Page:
By: Ryan Tikker
Recently, the Ninth Circuit addressed and further clarified the requirement of a “full and fair review” in the context of a long-term disability benefit case under the Employee Retirement Income Security Act (ERISA). In matters that go to litigation, the Ninth Circuit held that a district court may not rely on rationales that the plan administrator did not raise as grounds for denying a claim for benefits. By failing to make arguments during the administrative process, but raising them for the first time at litigation, this can be found to be a violation of the “full and fair review” afforded by ERISA.
In Collier v. Lincoln Life Assurance Co. of Boston, 53 F.4th 1180 (9th Cir. 2022) the Ninth Circuit considered an appeal under the ERISA of a plan administrator Lincoln Life Assurance Company of Boston’s denial of her claim for long-term disability benefits. The participant Collier pursued an internal appeal after Lincoln denied her claim for LTD benefits. Lincoln again denied her claim. On de novo review, Judge James Selna of the Central District of California affirmed the administrator’s denial of her claim, finding that Collier was not credible and that she had failed to supply objective medical evidence to support her claim. The district court concluded that because a court must evaluate the persuasiveness of conflicting testimony and decide which is more likely true on de novo review, credibility determinations are inherently part of its review.
Apparently not so. The participant appealed, and the Ninth Circuit reversed, finding that the district court adopted new rationales that the plan administrator did not rely upon during the administrative process. The Ninth Circuit expressly held a district court clearly errors by adopting a newly presented rationale when applying de novo review.
The Ninth Circuit clarified that when a district court reviews de novo a plan administrator’s denial of benefits, it examines the administrative record without deference to the administrator’s conclusions to determine whether the administrator erred in denying benefits. It wrote that the district court’s task is to determine whether the plan administrator’s decision is supported by the record, not to engage in a new determination of whether the claimant is entitled to benefits. Id. at 1182.
The plaintiff Collier worked as an insurance sales agent when she experienced persistent pain in her neck, shoulders, upper extremities, and lower back, which she contended limited her ability to type and sit for long periods of time. She underwent surgery on her right shoulder and later returned to work, where she claimed that she continued to experience persistent pain. After applying for workers compensation, which recommended her employer institute ergonomic accommodations for Collier to allow her to work with less pain, Collier eventually stopped working, citing her reported pain as the cause.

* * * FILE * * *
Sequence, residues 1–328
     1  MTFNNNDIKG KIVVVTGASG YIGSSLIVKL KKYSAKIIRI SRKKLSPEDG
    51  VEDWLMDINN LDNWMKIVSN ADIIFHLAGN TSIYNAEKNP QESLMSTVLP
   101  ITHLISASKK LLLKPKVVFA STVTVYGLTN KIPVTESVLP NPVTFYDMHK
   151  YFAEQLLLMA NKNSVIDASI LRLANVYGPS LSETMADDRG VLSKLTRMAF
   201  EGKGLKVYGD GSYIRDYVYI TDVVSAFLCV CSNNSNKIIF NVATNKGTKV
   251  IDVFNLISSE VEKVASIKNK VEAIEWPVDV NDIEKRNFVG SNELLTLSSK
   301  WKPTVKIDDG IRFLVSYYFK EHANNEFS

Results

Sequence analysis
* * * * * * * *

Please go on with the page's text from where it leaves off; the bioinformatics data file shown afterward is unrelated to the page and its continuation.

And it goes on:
After engaging in the administrative appeal process with Lincoln, she filed suit in the Central District of California. For the first time in its trial briefs, Lincoln argued that the participant was not credible. It further argued that her doctor’s conclusions were not supported by objective evidence, as they relied upon her subjective account of pain. Finally, Lincoln argued that her restriction could be accommodated with ergonomic equipment, such as voice-activated software. Id. at 1184.
As this was an ERISA action for LTD benefits, the administrative record was the only documentary evidence admitted by the district court. Judge Selna issued a findings of fact and conclusions of law affirming Lincoln’s denial of LTD benefits. Reviewing the decision de novo, Judge Selna concluded that Collier failed to demonstrate she was disabled under the terms of the plan. The court adopted Lincoln’s reasoning in determining she was not disabled, namely relying upon a finding that Collier’s pain complaints were not credible and that she failed to support her disability with objective medical evidence.
In reversing the decision by the district court, the Ninth Circuit wrote that a plan administrator “undermines ERISA and its implementing regulations when it presents a new rationale to the district court that was not presented to the claimant as a specific reason for denying benefits during the administrator process.” The Ninth noted it has “expressed disapproval of post hoc arguments advanced by a plan administrator for the first time in litigation.” Id. at 1186.
While the Ninth Circuit has held that a plan administrator may not hold in reserve a new rationale to present in litigation, it has not clarified whether the district court clearly errs by adopting a newly presented rationale when applying de novo review. It explicitly does so now, finding that a “district court cannot adopt post-hoc rationalizations that were not presented to the claimant, including credibility-based rationalizations, during the administrative process.” Id. at 1188.
The Collier ruling places strict mandates on plan administrators to specifically and expansively delineate the bases for denials at the administrative stage. Simply stating that a claimant does not meet a policy definition, such as the disability standard under the applicable plan, is now not enough.